MMmmmmmm, now I'm in the mood for onion soup.......thanks!
Me too -yum !!
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Old 12-13-2006, 11:24 AM   #16
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Everyone has had very good suggestions. The recipe you are using is sorta weird. I'd suggest using Andy's or something close to it.

I know that sometimes it's hard to cook on a budget, but you really do need to use stock and carmelize your onions to a deep golden hue for the soup to have any depth of flavor.
Less is not more. More is more and more is fabulous.
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Old 12-13-2006, 12:33 PM   #17
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BoyWithASpoon - do yourself a favor & try to find a copy of Julia Child's WayTo Cook.

Use her recipe for French Onion Soup & you won't need to experiment with any other recipes. I use chicken broth for mine, but otherwise her recipe is PERFECT, & nothing I've read here so far seems to top it.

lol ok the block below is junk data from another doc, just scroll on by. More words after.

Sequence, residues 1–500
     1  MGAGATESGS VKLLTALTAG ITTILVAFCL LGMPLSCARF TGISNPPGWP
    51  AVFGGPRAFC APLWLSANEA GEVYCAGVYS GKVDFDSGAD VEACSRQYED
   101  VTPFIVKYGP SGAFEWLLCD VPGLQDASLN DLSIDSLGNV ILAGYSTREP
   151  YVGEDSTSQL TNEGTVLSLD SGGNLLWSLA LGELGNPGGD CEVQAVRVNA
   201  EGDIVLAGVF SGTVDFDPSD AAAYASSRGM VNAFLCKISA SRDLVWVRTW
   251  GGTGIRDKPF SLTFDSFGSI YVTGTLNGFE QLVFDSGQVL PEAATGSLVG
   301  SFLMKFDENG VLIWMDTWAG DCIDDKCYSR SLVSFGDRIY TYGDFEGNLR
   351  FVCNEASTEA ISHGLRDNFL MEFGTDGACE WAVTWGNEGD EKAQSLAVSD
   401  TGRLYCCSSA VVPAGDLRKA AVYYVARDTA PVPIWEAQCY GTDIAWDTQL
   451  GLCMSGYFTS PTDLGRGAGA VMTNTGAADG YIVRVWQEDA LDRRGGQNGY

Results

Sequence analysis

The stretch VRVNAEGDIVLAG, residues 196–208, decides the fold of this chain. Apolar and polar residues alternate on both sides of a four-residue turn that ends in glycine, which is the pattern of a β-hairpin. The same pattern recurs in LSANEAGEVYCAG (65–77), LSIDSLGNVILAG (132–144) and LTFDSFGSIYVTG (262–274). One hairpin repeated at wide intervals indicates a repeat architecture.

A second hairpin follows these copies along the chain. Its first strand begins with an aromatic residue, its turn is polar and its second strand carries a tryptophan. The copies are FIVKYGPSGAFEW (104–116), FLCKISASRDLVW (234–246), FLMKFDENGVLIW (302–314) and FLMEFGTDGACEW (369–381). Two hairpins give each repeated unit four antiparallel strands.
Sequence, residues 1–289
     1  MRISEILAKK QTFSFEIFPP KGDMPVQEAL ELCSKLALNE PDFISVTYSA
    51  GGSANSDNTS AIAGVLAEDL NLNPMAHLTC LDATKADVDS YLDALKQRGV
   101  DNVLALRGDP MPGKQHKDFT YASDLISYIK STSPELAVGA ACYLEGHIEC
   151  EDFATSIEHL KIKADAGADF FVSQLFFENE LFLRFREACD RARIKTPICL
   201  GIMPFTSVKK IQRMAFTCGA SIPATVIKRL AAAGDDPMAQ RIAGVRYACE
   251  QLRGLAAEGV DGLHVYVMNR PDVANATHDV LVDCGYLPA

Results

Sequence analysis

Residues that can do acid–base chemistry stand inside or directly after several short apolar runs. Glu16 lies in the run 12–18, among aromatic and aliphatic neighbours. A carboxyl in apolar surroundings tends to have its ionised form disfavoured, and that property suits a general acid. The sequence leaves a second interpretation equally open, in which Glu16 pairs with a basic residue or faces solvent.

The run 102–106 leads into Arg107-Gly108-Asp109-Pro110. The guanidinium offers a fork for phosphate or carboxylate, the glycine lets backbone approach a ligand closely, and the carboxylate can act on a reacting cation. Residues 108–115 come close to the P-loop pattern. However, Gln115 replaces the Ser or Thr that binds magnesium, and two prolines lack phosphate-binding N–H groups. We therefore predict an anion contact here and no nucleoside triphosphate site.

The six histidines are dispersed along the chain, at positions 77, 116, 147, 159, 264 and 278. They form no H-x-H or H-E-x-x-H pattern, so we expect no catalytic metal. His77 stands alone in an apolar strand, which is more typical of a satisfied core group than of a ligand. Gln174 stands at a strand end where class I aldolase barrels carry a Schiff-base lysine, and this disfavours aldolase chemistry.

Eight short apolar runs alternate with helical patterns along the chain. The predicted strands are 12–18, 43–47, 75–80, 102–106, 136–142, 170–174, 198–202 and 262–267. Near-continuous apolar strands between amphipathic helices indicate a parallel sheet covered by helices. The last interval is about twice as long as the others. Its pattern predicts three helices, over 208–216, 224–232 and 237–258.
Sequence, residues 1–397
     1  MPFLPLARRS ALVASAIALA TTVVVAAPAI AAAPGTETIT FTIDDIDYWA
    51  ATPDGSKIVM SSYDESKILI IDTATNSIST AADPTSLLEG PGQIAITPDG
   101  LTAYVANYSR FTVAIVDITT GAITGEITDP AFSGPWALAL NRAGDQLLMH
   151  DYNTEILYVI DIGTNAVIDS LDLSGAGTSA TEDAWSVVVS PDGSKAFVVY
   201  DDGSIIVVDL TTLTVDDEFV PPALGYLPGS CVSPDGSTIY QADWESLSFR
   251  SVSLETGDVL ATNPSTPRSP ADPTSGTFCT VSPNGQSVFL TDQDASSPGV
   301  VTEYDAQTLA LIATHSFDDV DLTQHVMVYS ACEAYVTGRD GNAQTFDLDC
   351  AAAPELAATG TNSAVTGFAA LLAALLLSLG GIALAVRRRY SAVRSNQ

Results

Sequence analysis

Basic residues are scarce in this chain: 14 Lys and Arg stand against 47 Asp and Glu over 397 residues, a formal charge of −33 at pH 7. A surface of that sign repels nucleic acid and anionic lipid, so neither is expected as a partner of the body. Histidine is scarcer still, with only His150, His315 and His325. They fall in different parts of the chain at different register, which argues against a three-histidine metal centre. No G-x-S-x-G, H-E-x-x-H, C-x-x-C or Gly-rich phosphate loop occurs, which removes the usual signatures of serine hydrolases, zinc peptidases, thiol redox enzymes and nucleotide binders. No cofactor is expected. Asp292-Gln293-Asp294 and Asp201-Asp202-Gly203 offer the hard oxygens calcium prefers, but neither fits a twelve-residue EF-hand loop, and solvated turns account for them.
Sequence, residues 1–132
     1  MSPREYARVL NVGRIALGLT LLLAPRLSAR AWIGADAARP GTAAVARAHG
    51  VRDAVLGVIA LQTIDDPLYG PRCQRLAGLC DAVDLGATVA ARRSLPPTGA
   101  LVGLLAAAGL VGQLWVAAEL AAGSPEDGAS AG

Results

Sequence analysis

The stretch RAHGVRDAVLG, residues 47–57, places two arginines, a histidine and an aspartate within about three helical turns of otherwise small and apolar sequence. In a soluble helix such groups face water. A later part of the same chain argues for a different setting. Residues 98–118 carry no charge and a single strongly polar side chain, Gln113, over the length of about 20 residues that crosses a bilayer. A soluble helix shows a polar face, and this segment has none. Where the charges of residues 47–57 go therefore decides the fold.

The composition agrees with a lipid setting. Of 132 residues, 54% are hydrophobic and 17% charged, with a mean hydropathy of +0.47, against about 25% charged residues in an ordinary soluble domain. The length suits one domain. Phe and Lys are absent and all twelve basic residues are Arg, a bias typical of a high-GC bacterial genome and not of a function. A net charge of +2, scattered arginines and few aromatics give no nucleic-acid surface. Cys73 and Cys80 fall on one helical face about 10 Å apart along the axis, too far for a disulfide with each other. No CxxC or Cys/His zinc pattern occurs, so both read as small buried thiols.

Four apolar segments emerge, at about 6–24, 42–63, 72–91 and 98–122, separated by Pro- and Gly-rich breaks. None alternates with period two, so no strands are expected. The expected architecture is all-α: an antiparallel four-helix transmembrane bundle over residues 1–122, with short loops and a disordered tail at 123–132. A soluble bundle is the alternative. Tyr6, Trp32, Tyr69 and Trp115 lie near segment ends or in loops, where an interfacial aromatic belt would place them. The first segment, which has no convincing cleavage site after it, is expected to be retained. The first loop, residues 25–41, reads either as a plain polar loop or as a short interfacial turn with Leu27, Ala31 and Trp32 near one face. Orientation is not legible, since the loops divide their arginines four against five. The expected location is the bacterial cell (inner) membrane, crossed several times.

Oh, & not to mention you can avoid all the stock nonsense. Good grief - French Onion Soup was & is supposed to be a relatively quick dish - not something that involved multiple steps involving producing all sorts of different stocks, etc., etc. In fact, it was invented as a curative after a hard "drinking" night out in France. These bistros weren't screwing around with veal stock - lol!!!!

I've been using Julia Child's recipe for over 25 years now (subbing chicken broth for beef), & still get raves for it. Do yourself a favor & try it. Faster, tastier, & easier than other onion soup brouhahas.
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Old 12-13-2006, 12:51 PM   #18
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The recipe I posted is one of Julia's with modifications. I've discovered she has published different versions of the same recipe.
"If you want to make an apple pie from scratch, you must first create the universe." -Carl Sagan
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Old 12-13-2006, 12:56 PM   #19